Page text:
Finally the day came when Pat returned and Beth left. Beth's effects on Rose dissipated under the care and respect of her former interpreter, Pat. Rose felt validated to learn that Beth's conduct was in direct violation of the AVLIC's "Code of Ethics." However, the most troubling aspect of Rose's relationship with Beth resulted in Beth damaging Rose's trust in interpreters and the damage done to her school work while under Beth's direction.

Rose's experience demonstrates what happens when a SL Interpreter, such as Beth, lacks respect for her client, Rose. On the one hand, the effects on Rose resulted in a long-term distrust and fear of having the same situation occurring again when meeting a new interpreter. On the other hand, Rose empowered herself by becoming informed of her right to immediately terminate such a SL Interpreter as Beth.

Client's Rights Regarding Interpreters

In terms of the relationship between client and SL Interpreters, Angela Stratiy (1995) contends that clients have rights regarding the hiring of a professional SL Interpreter:

1) We have a right to equal access of information.
2) We have a right to choose our interpreters.
3) We have a right to refuse to accept an unqualified or unskilled interpreter.
4) We have a right to tell an interpreter that we have difficult understanding or that we feel uncomfortable with her/him.
5) We have a right to tell an interpreter and/or his/her employer that further upgrading is necessary.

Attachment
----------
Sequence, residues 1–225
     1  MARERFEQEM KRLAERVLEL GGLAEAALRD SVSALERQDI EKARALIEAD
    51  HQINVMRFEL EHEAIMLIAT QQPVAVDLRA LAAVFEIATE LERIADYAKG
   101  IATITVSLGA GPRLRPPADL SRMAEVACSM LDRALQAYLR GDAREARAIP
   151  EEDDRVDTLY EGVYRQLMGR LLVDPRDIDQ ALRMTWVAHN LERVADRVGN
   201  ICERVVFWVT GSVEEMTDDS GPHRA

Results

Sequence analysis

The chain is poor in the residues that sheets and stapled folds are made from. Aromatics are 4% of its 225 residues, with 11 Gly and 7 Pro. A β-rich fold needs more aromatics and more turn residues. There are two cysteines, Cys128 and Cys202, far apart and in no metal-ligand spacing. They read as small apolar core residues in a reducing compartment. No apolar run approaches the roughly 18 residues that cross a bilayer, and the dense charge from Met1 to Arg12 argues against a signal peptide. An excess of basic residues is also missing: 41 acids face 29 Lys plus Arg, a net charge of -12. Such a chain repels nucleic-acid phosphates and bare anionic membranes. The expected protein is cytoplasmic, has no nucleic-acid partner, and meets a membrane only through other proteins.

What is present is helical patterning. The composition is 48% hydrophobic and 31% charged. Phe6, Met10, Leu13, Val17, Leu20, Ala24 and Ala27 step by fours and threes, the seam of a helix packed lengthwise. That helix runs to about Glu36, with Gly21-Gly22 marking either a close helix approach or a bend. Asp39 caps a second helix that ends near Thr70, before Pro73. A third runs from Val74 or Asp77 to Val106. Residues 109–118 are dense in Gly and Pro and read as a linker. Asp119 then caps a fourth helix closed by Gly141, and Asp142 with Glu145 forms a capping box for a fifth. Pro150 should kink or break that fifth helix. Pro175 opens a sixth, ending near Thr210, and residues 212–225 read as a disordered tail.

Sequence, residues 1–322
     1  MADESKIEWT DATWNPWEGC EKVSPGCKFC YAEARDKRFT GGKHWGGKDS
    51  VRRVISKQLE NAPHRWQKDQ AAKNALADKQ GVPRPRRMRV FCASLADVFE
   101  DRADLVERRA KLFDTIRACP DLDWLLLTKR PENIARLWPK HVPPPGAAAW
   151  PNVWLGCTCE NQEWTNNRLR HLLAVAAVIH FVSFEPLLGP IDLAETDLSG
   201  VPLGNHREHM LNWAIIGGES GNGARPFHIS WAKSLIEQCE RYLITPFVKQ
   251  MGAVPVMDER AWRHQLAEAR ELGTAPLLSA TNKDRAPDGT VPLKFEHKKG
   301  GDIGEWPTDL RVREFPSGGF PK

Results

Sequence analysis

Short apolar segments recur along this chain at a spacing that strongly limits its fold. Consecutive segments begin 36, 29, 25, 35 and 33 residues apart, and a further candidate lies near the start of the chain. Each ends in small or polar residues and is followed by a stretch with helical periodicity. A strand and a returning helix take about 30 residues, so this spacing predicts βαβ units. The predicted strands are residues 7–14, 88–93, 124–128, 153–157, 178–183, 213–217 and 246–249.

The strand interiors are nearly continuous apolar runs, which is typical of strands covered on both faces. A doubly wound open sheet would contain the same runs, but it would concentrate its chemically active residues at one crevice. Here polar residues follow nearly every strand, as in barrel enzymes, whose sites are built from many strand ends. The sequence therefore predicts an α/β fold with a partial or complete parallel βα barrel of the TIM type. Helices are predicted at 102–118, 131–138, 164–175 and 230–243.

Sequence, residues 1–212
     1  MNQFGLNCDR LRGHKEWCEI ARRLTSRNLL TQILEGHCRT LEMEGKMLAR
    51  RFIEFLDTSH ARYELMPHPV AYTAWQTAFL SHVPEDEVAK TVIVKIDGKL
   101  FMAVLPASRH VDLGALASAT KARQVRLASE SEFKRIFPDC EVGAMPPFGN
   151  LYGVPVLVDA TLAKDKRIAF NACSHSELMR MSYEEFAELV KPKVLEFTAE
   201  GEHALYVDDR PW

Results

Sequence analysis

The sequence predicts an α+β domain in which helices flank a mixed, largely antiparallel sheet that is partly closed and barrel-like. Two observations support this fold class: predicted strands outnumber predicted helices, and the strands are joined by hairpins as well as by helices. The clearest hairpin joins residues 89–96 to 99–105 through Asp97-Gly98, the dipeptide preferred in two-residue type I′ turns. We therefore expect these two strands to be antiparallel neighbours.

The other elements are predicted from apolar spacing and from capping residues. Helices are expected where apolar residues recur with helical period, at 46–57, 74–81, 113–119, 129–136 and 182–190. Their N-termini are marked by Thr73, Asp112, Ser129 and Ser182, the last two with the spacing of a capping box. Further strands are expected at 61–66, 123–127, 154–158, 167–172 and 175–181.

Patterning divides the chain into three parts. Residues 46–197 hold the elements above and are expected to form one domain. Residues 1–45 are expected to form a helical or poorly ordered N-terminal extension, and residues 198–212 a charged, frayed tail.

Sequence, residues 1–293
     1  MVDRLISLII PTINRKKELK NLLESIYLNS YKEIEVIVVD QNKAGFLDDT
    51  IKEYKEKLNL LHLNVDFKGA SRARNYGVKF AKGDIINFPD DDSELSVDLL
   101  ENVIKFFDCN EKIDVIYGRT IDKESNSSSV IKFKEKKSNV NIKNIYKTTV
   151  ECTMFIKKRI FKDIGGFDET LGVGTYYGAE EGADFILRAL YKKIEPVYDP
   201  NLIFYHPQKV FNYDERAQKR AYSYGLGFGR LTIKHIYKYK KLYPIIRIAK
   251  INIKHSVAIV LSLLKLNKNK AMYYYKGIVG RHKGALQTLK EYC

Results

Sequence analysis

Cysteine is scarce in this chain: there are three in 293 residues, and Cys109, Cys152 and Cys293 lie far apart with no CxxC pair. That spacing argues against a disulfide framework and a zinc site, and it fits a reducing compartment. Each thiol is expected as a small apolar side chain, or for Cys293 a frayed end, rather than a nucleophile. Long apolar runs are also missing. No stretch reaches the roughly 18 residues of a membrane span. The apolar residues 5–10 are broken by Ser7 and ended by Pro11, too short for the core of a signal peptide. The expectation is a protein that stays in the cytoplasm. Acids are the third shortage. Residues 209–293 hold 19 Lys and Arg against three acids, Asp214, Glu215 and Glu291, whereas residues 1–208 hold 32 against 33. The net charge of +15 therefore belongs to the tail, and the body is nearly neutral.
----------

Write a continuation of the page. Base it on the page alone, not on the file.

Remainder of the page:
6) We have a right to believe that our opinions regarding an interpreter's ability are valuable. (Editorial Guest: Are You Satisfied With Interpreters? 3)

Stratiy's list of Deaf client rights and obligations reinforces the sentiment of another client interviewed, "Sherry": "Hiring a SL Interpreter is part of the larger ethics governing their relationships that are to serve the practical reasons for their service to Deaf clients." Sherry highlights the fact that Deaf clients should always use a professional who serves the needs of clients.

"SL Interpreters are to be trained, impersonal and professional." Many clients desire SL Interpreters with many years of experience and who adhere to AVLIC's "Code of Ethics."

A professional ASL/English Interpreter, Martin Koob (1996) discusses in the article, "Looking to the Future: Becoming a Professional," three problems that plague some relationships between clients and their interpreters:

  • If a person who is working as an interpreter is not qualified to do that work, there is nothing that can be done to prevent them from working as an interpreter.